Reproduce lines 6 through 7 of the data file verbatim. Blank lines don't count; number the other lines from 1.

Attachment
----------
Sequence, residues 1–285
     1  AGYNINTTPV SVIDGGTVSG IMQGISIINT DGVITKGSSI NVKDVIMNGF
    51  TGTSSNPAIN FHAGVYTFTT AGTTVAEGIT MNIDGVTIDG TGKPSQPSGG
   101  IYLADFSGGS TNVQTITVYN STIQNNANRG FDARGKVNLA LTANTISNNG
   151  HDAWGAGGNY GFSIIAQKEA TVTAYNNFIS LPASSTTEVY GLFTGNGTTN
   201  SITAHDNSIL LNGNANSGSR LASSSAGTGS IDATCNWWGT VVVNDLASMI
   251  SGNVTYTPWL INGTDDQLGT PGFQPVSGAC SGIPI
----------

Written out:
   201  SITAHDNSIL LNGNANSGSR LASSSAGTGS IDATCNWWGT VVVNDLASMI
   251  SGNVTYTPWL INGTDDQLGT PGFQPVSGAC SGIPI